A very fine Empire gilt bronze mantel clock attributed to François-Louis Savart (1780-1828) after a model by the same bronzier. The beautiful case of this Empire clock, is often referred to as ‘The Love Letter’. It shows a young woman in classical dress sitting on top of the dial drum. She holds in her left hand a portrait medallion of her lover while looking down toward a carrier pigeon. The pigeon sits upon her knee and holds a note, probably a love letter, she has just written to her love.
An identical clock is in the British Embassy in Paris. It was originally owned by Napoleon Bonaparte’s sister Princess Pauline Borghèse (1780-1825) and was housed at her Paris residence at Hôtel Borghèse. Her residence later became the British Embassy. The inventory drawn up in 1814 lists the comparable clock in the Salon Jaune, where it still stands today on the mantlepiece flanked by a pair of candelabra attributed to Pierre-Philippe Thomire.
The white enamel dial with Roman and Arabic numerals and gilt bronze hands carries the signature Cardinaux à Paris. Cardinaux, listed in the Tardy dictionary of clock makers, was active 1800-1830 at the Boulevard Poissonnière in Paris. The movement with silk thread suspension and anchor escapement, strikes on the hour and half hour on a single bell.
The Design Of This Rare Empire Clock
The young woman rests her feet on an ancient Greco Roman style X-shaped stool or tabouret which stands to the left of the dial plinth. Also, to the right stands a tripod table with three winged monopodia supports. Each of these supports has a female bust and head and feet of a lion. On top of this table rest a writing box, a book (possibly her diary) and a lit candle in a candlestick. The candle in the candlestick alludes to the heat of the two lovers’ passion. The design of this clock is at the Bibliothèque Nationale, Cabinet d’Estampes 30,37 (compare Ottomeyer/Proschel).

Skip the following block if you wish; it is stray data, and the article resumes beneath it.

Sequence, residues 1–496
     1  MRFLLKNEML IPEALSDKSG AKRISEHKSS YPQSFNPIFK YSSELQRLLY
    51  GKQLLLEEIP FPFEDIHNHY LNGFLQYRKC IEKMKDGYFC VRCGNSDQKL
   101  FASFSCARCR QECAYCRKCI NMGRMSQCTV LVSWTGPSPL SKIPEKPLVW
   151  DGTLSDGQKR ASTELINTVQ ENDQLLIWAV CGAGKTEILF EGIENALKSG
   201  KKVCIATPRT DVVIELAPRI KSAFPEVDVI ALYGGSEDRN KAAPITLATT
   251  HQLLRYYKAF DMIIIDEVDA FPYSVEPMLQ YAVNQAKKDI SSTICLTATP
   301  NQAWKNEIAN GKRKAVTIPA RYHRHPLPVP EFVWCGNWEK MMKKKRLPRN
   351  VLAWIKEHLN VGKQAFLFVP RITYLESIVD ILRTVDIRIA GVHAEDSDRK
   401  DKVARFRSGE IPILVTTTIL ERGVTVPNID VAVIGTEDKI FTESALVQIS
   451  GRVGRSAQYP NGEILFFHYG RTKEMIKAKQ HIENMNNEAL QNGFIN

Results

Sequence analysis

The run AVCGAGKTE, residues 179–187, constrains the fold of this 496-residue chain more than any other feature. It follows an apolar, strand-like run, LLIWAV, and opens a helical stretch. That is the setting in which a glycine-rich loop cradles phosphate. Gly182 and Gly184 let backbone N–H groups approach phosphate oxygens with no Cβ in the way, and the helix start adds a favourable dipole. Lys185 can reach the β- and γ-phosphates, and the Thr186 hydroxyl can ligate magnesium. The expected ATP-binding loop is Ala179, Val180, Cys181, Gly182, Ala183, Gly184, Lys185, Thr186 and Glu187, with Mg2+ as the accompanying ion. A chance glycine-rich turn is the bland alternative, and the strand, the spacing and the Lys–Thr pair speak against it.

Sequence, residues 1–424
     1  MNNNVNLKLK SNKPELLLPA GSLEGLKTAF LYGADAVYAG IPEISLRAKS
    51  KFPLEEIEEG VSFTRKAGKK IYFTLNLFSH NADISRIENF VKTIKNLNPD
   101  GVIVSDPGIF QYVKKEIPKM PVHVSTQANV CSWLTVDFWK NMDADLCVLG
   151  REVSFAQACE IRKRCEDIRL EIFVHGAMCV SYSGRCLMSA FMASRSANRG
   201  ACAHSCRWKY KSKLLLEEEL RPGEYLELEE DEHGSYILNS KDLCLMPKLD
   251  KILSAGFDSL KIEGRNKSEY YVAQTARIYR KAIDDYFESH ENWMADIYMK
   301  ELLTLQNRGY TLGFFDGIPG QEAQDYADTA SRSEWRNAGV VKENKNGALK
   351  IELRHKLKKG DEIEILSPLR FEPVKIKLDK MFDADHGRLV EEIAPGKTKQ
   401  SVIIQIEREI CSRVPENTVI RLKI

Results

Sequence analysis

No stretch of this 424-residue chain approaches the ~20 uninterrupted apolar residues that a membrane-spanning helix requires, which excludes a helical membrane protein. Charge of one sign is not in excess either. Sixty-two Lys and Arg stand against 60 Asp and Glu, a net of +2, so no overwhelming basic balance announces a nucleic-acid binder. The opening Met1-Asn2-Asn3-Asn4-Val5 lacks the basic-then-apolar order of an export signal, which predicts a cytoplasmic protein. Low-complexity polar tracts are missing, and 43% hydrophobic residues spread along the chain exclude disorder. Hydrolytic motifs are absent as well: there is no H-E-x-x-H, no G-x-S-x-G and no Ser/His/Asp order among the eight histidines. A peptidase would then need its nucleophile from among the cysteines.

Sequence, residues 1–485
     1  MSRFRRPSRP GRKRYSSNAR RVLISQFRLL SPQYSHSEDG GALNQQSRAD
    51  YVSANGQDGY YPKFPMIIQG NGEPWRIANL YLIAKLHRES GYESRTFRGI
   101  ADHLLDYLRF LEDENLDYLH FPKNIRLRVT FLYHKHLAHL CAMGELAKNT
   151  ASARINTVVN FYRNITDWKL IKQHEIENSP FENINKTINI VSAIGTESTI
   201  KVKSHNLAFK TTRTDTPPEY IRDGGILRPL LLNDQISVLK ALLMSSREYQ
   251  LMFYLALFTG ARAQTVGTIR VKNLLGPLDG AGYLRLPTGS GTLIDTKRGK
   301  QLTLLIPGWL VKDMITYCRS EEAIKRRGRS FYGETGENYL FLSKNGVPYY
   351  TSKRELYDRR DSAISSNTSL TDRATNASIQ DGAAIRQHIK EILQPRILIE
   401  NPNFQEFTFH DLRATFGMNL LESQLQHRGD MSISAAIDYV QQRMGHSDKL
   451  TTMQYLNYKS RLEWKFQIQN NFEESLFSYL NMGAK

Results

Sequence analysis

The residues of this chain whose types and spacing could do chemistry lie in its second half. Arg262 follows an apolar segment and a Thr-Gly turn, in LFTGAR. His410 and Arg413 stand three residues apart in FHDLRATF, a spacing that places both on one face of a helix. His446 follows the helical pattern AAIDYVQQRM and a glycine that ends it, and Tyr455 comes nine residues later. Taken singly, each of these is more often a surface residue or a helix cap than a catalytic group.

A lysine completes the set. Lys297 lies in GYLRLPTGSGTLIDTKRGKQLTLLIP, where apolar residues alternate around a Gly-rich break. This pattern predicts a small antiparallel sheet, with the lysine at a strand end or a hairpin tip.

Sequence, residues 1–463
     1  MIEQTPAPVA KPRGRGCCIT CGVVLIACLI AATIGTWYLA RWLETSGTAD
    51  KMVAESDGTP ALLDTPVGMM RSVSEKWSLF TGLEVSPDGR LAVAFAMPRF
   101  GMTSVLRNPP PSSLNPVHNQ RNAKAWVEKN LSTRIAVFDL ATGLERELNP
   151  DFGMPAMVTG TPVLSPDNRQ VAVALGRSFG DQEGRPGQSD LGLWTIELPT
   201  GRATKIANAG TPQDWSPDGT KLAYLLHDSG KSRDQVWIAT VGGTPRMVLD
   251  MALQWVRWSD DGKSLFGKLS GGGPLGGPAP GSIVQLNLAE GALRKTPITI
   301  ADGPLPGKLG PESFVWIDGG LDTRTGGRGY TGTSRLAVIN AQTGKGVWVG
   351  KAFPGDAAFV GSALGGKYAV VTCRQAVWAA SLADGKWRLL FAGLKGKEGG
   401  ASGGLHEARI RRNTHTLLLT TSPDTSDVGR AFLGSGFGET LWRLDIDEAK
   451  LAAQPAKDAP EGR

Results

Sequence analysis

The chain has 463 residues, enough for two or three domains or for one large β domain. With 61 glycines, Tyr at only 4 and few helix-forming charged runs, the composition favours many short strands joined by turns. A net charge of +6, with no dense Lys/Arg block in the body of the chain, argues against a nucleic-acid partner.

Further, the pedestal frieze below the dial shows the receiver to be a young shepherd. He receives the letter, held in the beak of the same carrier pigeon, while resting in an Arcadian landscape. The especially finely worked details enhance the narrative portrayal of this beautiful Empire clock. The theme of the shepherd repeats itself on the rectangular base with rounded ends. Here we see see a pair of sheep flanking a vase of flowers issuing from a palmette. Finally the whole clock rests on six bun feet.
The tripod table, together with the X-shaped stool or tabouret were inspired by ancient Greco Roman design. They were one of a number of examples from antiquity that later shaped the decorative arts of the period. In all probability Savart’s designs for these two pieces of furniture were based on designs by Napoleon’s chief architects Charles Percier (1764-1838) and Pierre François Léonard Fontaine (1762-1853). Their designs were instrumental in shaping the Directoire and Empire style. A similar X-shaped tabouret by Jacob Frères of 1800, was part of a series of furniture supplied to Château de Malmaison circa 1800.
The eight-days going movement has a wire suspension pendulum. It strikes the hour and half hour on a bell. The clock is in a excellent and perfect working condition. Also, it has recently been cleaned and serviced by a professional clock maker. The clock comes complete with its pendulum, key and bell.
François-Louis Savart (1780-1828)
The bronzier François-Louis Savart was born on 6 June 1780 and he worked for most of his career in Paris. Savart produced a variety of luxury bronzes from candelabra to clocks. When he designed the original model for this clock, he was established at 11 rue Philippaux. After he died we was buried in the cemetery of Père Lachaise, where upon his grave is a portrait bust of him modelled by the sculptor Sylvestre-Joseph Brun.
- Encyclopédie de la pendule française, Pierre Kjellberg, p.397 #D
- French Bronze Clocks, Elke Niehüser, front cover, p.120, p.220 #491
- Dictionnaire des horlogers français, Tardy, p.111
- Vergoldete Bronzen, die Bronzearbeiten des Spätbarock und Klassizismus, Hans Ottomeyer/Peter Pröschel, p.376-377 fig. 5.15.12 & 5.15.13
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